Over 150 rural organizers and community leaders from 28 counties convened on May 18th, 19th, and 20th in The Dalles, OR for the 27th annual Rural Caucus and Strategy Session! We started off the weekend with a Statewide Solidarity Action outside of NORCOR, the publicly funded jail that has a contract with Immigration and Customs Enforcement (ICE). People detained inside have gone on two hunger strikes since last May to demand more humane conditions and an end to the use of this public jail as a detention center.
We gathered to amplify the messages of the hunger strikers and the experiences of all immigrants, refugees, and asylum seekers detained inside. As we arrived and began the action, a GEO bus pulled in with detained immigrants and refugees from the NW Detention Center, the regional detention center in Tacoma, WA. GEO Group is a private corporation that is contracted to run the NW Detention Center and profits off of the detention of immigrants, as well as privatized prisons and mental health treatment.
In the photo to the left you can see the bus holding 10 folks detained by ICE being transferred to NORCOR entering the facility. Transfers to NORCOR are used by ICE to retaliate against organizers and leaders and to break strikes inside the NW Detention Center. The arrival of yet more of our neighbors who are held indefinitely in detention made our strategy sessions feel all the more urgent, and centered our focus on the dire need to raise our voices in solidarity against the systems of detention and deportation. We were reminded that our voices matter, especially when we received a phone call after the action from a person who is detained at NORCOR who reported that they could hear our chants loud and clear inside NORCOR and they pounded on the doors of their pods in response.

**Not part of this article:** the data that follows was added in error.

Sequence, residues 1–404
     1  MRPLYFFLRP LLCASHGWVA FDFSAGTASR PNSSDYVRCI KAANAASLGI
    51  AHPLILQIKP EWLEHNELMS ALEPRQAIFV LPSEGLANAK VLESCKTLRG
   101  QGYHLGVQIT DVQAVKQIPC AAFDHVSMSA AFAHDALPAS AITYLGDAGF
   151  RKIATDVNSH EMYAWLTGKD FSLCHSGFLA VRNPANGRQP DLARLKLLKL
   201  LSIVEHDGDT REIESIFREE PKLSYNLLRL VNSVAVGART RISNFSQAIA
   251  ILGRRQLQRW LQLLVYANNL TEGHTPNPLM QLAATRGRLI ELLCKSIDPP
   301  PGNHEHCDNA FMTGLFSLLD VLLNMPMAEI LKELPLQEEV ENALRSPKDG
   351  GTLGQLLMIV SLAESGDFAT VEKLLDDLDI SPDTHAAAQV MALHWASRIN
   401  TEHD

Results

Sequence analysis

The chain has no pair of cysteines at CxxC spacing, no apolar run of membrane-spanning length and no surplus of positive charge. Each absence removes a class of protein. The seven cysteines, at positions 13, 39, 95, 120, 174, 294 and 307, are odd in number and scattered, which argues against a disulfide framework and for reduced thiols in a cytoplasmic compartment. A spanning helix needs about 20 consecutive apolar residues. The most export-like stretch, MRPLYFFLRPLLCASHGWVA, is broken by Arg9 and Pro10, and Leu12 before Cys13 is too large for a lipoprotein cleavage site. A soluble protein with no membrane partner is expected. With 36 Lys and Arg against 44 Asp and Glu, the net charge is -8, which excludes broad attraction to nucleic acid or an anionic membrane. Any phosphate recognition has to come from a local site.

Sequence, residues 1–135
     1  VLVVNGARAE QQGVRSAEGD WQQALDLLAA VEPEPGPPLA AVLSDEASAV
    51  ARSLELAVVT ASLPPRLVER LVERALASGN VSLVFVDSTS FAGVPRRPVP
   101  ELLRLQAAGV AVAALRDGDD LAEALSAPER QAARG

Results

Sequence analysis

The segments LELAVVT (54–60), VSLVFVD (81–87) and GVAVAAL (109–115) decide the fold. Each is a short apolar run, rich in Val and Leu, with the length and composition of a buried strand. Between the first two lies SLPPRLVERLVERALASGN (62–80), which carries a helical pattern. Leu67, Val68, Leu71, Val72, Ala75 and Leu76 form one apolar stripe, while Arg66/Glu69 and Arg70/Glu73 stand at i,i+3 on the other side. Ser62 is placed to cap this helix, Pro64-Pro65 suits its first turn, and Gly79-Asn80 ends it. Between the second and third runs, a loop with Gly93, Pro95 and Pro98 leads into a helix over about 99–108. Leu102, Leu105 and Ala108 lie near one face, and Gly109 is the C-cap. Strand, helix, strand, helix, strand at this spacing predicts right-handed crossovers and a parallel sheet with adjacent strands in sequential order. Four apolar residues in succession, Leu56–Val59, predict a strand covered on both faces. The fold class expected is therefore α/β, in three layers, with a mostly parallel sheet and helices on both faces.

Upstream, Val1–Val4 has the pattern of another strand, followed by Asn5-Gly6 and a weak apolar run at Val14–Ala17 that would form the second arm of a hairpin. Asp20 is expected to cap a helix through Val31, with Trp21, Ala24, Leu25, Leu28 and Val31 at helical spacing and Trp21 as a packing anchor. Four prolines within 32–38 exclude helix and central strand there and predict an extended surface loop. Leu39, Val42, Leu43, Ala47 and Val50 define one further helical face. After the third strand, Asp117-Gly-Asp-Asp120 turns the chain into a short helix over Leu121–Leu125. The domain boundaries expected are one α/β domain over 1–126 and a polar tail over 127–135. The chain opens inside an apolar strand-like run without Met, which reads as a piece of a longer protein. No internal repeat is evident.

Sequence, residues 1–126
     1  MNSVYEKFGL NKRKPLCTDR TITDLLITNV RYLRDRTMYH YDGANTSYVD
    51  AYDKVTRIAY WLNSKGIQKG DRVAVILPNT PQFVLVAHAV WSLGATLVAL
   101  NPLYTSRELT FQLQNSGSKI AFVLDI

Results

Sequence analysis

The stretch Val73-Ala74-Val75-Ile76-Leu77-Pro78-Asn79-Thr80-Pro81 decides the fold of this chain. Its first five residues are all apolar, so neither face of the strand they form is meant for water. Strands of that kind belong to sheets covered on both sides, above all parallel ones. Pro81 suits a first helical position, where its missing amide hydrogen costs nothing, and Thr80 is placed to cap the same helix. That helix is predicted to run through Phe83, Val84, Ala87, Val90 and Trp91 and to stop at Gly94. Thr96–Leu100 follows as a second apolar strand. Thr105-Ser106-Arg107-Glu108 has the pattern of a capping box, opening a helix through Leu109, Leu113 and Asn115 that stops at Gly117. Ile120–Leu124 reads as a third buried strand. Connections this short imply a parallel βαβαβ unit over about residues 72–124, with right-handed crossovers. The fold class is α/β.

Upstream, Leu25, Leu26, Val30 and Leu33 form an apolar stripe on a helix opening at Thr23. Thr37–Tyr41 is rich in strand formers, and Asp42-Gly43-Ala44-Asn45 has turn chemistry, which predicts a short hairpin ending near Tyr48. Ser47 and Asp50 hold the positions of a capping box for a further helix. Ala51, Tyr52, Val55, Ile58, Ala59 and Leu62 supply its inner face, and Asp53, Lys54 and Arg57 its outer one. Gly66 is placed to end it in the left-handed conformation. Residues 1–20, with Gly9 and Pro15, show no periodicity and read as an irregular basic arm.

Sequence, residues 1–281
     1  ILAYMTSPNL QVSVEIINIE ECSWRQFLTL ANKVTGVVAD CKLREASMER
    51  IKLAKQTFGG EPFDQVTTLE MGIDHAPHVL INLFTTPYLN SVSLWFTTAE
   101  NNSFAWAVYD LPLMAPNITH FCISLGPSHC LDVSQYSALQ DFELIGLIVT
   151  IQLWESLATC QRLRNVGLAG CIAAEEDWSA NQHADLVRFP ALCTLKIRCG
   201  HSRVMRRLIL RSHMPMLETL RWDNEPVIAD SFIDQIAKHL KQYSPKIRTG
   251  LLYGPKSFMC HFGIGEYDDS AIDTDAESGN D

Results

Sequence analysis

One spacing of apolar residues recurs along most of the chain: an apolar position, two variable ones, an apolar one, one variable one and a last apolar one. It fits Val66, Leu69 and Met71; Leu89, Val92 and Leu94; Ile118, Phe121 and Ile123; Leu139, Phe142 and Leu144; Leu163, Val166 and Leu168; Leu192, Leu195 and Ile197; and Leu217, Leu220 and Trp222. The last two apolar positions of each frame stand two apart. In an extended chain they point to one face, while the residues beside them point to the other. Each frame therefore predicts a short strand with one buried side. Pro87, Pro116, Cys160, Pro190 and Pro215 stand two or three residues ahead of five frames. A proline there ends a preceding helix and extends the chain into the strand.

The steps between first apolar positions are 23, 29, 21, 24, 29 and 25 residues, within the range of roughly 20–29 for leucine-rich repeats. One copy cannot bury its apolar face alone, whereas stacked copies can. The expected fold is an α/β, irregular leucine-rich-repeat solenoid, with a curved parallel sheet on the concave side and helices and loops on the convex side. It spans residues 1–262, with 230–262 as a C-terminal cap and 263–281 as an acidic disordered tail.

That evening we broke bread and Maru Mora Villalpando of the Northwest Detention Center Resistance spoke, reiterating the collective power we hold and affirming how our movement is growing, building, and making a difference. We are sending a clear message that rural Oregon will not let the Trump administration use our public jails for an inhumane system of detention and deportation. We will not stand idly by as a for-profit private detention system is built to hold millions of our neighbors and friends and as military bases are used to rip children from their parents and hold them in captivity. During our community dinner and the next day in our strategy sessions, we expanded our vision and organizing plans, not only on how to get ICE out of NORCOR and out of all of our public jails, but on how to get ICE out of Oregon and to dismantle the unjust systems of detention and deportation. Maru’s words coupled with the news that folks detained inside NORCOR could hear our chants, reminded us of our moral call as leaders, activists, and organizers across rural Oregon: we can and we will protect human dignity.
On Saturday morning, St. Paul’s chapel was buzzing with excitement as people dug into a day full of opportunities to strategize together at the 27th annual Rural Caucus & Strategy Session. Over the next few weeks we will share summaries, ideas and next steps over ROPnet, but here are four exciting takeaways from Caucus strategy sessions: